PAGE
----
Then NuVasive leaders decided to have the company perform more of its own manufacturing.
“We looked at doing it outside the United States, honestly,” the CEO said. “We looked at different states other than Ohio.”
West Carrollton was just chosen some 18 months ago, and today, there are 135 employees at the site, with 100 still in Fairborn, waiting to be transferred to West Carrollton by year’s end, said Suzanne Hatcher, a spokeswoman for NuVasive.
And there are still 35 job openings to fill.
While the company did not allow photographs on its manufacturing floor during Wednesday’s grand opening event, the tour did show that NuVasive has plenty of room to grow. Steve Rosow, vice president of global operations at NuVasive, wouldn’t commit to higher employment numbers, but he said the site will have 100 “high-tech pieces of equipment” by the end of 2017. About 60 percent of that is in place today.
“This is just amazing, what you’ve done here,” West Carrollton Mayor Jeff Sanner told NuVasive leaders.
The company prides itself on creating flawless pieces and instruments that can be customized to individual human bodies.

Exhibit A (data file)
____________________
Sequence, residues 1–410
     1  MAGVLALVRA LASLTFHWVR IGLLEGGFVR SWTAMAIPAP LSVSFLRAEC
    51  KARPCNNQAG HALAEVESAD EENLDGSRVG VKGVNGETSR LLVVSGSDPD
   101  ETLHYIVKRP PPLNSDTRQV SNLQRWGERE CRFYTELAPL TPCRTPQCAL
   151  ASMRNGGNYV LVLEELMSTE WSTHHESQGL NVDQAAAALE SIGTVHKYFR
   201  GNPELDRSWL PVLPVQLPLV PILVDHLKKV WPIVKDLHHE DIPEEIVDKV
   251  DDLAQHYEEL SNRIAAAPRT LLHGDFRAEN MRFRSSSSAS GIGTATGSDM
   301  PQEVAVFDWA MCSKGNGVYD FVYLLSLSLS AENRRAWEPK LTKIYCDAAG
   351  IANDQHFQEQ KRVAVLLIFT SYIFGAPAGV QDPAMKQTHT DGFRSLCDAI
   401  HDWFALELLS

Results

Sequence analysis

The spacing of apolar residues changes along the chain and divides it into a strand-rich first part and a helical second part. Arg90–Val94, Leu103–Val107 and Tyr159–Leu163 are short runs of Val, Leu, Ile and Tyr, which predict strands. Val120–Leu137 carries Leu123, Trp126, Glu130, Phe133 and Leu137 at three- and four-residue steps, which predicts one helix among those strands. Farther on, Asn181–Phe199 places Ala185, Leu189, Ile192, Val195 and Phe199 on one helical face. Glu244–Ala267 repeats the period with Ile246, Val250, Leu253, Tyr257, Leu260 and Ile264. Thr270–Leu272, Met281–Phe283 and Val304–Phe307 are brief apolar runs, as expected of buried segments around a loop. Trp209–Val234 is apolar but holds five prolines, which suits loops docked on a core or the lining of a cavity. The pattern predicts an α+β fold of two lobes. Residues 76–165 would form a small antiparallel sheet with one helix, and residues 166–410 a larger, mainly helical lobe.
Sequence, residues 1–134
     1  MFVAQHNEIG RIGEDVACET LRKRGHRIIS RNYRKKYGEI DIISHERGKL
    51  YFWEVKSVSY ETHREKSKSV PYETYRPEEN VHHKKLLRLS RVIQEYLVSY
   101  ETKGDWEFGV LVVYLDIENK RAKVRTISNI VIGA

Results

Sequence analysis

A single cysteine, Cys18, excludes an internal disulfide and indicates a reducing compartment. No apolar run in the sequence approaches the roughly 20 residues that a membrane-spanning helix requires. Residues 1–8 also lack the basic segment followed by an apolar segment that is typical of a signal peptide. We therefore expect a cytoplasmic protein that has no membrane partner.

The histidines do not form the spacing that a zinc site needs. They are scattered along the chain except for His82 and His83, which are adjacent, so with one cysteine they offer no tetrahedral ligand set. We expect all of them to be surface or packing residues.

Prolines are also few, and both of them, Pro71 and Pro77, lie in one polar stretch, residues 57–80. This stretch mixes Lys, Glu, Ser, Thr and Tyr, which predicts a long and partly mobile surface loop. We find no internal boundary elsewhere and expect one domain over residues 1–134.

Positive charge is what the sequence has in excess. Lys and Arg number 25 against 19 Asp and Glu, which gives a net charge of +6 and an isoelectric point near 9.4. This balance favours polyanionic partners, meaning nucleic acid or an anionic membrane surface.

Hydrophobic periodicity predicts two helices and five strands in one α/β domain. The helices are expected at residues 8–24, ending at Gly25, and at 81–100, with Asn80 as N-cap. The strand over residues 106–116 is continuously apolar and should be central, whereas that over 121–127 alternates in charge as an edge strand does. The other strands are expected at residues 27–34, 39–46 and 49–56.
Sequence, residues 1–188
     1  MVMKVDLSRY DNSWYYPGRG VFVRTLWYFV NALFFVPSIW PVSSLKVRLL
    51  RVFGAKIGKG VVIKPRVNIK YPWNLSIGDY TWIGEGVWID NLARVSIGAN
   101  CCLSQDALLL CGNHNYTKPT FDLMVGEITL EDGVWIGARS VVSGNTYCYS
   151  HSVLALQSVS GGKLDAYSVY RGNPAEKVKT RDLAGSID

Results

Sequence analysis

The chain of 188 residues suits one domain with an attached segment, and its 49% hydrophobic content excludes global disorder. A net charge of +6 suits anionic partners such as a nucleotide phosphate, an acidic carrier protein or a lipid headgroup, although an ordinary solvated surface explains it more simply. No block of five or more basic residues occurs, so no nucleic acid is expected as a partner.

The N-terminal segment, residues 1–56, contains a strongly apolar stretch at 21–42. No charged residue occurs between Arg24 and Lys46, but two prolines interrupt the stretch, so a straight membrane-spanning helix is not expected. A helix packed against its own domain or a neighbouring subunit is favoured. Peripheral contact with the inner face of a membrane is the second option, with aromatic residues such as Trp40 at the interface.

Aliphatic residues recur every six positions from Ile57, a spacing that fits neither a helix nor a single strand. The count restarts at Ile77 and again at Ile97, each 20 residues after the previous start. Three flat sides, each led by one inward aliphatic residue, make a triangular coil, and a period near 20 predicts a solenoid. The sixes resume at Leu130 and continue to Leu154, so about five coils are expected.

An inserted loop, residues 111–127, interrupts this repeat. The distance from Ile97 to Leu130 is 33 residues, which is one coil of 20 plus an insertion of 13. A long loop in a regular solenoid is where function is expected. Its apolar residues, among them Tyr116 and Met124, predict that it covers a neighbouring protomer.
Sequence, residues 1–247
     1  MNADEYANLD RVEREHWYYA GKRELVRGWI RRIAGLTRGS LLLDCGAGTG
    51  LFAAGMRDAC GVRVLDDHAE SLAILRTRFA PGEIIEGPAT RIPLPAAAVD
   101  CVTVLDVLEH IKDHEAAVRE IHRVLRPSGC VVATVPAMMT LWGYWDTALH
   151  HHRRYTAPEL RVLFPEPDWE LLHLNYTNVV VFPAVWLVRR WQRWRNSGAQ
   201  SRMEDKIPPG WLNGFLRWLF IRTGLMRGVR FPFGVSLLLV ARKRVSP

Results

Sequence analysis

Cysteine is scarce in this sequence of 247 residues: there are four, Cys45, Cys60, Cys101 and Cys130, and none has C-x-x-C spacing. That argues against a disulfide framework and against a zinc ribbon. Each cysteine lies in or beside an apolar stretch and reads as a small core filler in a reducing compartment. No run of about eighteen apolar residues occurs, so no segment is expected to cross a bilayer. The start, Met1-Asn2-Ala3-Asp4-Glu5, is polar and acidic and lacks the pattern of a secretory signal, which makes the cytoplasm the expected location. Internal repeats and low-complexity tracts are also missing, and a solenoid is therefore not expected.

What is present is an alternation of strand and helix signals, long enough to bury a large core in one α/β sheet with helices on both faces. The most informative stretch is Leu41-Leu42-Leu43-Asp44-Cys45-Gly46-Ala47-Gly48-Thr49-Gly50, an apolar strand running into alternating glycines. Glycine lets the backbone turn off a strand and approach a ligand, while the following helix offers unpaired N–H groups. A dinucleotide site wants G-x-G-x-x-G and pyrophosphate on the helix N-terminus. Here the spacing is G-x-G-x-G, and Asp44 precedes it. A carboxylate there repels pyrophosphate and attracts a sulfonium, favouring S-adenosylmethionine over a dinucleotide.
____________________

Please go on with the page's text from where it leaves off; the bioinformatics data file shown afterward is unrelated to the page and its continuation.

“We engage with the bones, basically,” Rosow said. “Because of that, there are a lot of pieces and parts, and people come in all different kinds of sizes.”
That ability to customize “is really a manufacturer’s dream,” he added. “It’s not the same thing, day in and day out. It’s a lot of different stuff that you have to produce and put care into — and master.”
The company normally works with titanium and a high-performance polymer Rosow called “peek.”
Rather than focusing on making as many products as quickly as possible, the company has crafted a manufacturing process that allows it to focus on small batches, producing only what is needed for that day’s sales.